Vin ignored him. Chris recognized the masked expression on Vin's face, and leaned forward.
"Vin, I'm not mad at you."
Vin looked at him, and then looked back down. Chris tried again. "I mean it, Vin, I'm not mad, okay? I just--" Chris sighed, pushing back at his hair, "I don't want anything to go wrong, you know?"
Vin looked up. "Nothing's gonna go wrong," he said softly.
Chris looked down at him, and let the side of his mouth twitch. "You sure about that, huh, kid?"
Vin gave Chris a shy smile. "Yeah. I'm sure."
Chris let his hand rest on the top of Vin's head, just for a moment, before picking up his sandwich and taking a bite.
"So what happened with Miz Evans?" Nathan asked from across the table. "I saw her come in while I was in the office." With two weeks between the end of school and Nathan's scheduled departure for his summer school program, he had asked for and been given permision to help out in the Home's front office during his break.
"How's that going, Nate?" Chris asked casually, looking up from his food.
Nathan met Chris's gaze and gave him a small nod. "Just fine. It's not going to be any trouble."
"What's not going to be any trouble?" Ezra asked.
"Nothing," Chris replied for Nathan. "How did it go with Evans?"
"Vin didn't make the dove," J.D. complained.
"I told you, I didn't want her to hear me."
"But she wouldn't'a known it was you."
"But she might've thought..."
"All right!" Chris interrupted. "That's enough, both of you. Other than not having a dove, what happened?"
"I don't have a granma," J.D. informed him. "Neither does Vin."
Chris shook his head, exasperated.
"What did Miz Evans say, J.D.?" Nathan asked.
"I already told you," J.D. said impatiently, "She asked about my granma."
"They can't find any family, and they don't have anywhere else to put him yet," Vin translated.
"So they're not talking about moving him?"
Vin shook his head. "Not yet."
"Good." Nathan sounded satisfied.
Buck gave Vin a sudden look. "And how was it you heard all of this, Vincent?"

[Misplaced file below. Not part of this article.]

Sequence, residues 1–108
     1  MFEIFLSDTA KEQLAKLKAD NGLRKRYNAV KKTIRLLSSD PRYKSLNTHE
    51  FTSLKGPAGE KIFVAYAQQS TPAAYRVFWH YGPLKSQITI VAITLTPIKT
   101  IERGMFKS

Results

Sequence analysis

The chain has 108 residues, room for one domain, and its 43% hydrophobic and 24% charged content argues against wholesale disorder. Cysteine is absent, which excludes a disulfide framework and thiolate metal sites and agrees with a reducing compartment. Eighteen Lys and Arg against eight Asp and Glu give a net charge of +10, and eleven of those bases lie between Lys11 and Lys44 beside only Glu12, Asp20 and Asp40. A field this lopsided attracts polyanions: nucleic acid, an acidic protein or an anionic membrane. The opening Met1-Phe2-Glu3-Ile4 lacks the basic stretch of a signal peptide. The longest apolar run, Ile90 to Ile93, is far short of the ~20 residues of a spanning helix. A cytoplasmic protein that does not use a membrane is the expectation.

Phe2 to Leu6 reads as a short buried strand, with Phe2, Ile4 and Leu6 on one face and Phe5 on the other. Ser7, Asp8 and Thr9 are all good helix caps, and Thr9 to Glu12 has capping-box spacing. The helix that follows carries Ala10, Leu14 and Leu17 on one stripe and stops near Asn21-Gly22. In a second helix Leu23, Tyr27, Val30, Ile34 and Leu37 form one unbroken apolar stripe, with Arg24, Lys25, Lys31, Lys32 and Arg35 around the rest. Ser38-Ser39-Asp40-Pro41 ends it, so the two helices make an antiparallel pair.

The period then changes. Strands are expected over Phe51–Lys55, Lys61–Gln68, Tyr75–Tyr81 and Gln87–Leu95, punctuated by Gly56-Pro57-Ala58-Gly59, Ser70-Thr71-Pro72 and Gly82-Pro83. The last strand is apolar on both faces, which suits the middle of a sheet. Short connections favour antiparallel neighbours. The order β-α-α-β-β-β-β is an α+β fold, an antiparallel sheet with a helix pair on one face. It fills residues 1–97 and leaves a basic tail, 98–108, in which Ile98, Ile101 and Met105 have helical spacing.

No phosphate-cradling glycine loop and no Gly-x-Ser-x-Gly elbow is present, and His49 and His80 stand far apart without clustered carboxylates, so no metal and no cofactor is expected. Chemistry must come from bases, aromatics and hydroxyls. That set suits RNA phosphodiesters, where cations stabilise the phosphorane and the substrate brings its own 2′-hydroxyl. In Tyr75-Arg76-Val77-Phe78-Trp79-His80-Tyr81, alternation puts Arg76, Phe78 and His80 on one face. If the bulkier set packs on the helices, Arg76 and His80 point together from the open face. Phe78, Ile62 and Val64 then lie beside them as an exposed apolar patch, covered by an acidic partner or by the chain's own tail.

Vin looked down at the table, and lifted his hand to cover the small grin breaking across his face. "Just happened to be near the window when she came by."
"And where were you supposed to be?" Chris asked, sharing a look with Buck.
Vin shrugged. "Over by the field. But they didn't miss me, Chris," he defended, seeing Chris's eyebrows start to rise. "They didn't even know I was gone."
"Now see, that's exactly what I mean," Chris snapped. He saw Vin's eyes start to lower, and softened his tone. "Vin, I don't want you sneaking off anymore. You stay where you're supposed to be. I mean it," he continued, seeing Vin start to protest. "I don't care how good you are at it, until we get away from here you give them no reason, I mean NO reason to notice you. That goes for you, too," he added, turning to Ezra. "You two stay out of trouble this week, and you keep him out of trouble, too," he said, motioning to J.D. "That means you stay with your group and you do what they tell you."
Ezra and Vin were both looking at the table, their expressions mutinous. "I want both of your words on this," Chris said seriously. He waited, but there was no response. He nudged the boy next to him. "Vin?"
Vin looked up. "Yeah, okay, fine."
Ezra shrugged one shoulder. "Fine."
"They're gonna notice more if those two stay out of trouble for a week," Nathan offered, a small smile on his face. Ezra gave him a dirty look.
"Shut up, Nathan."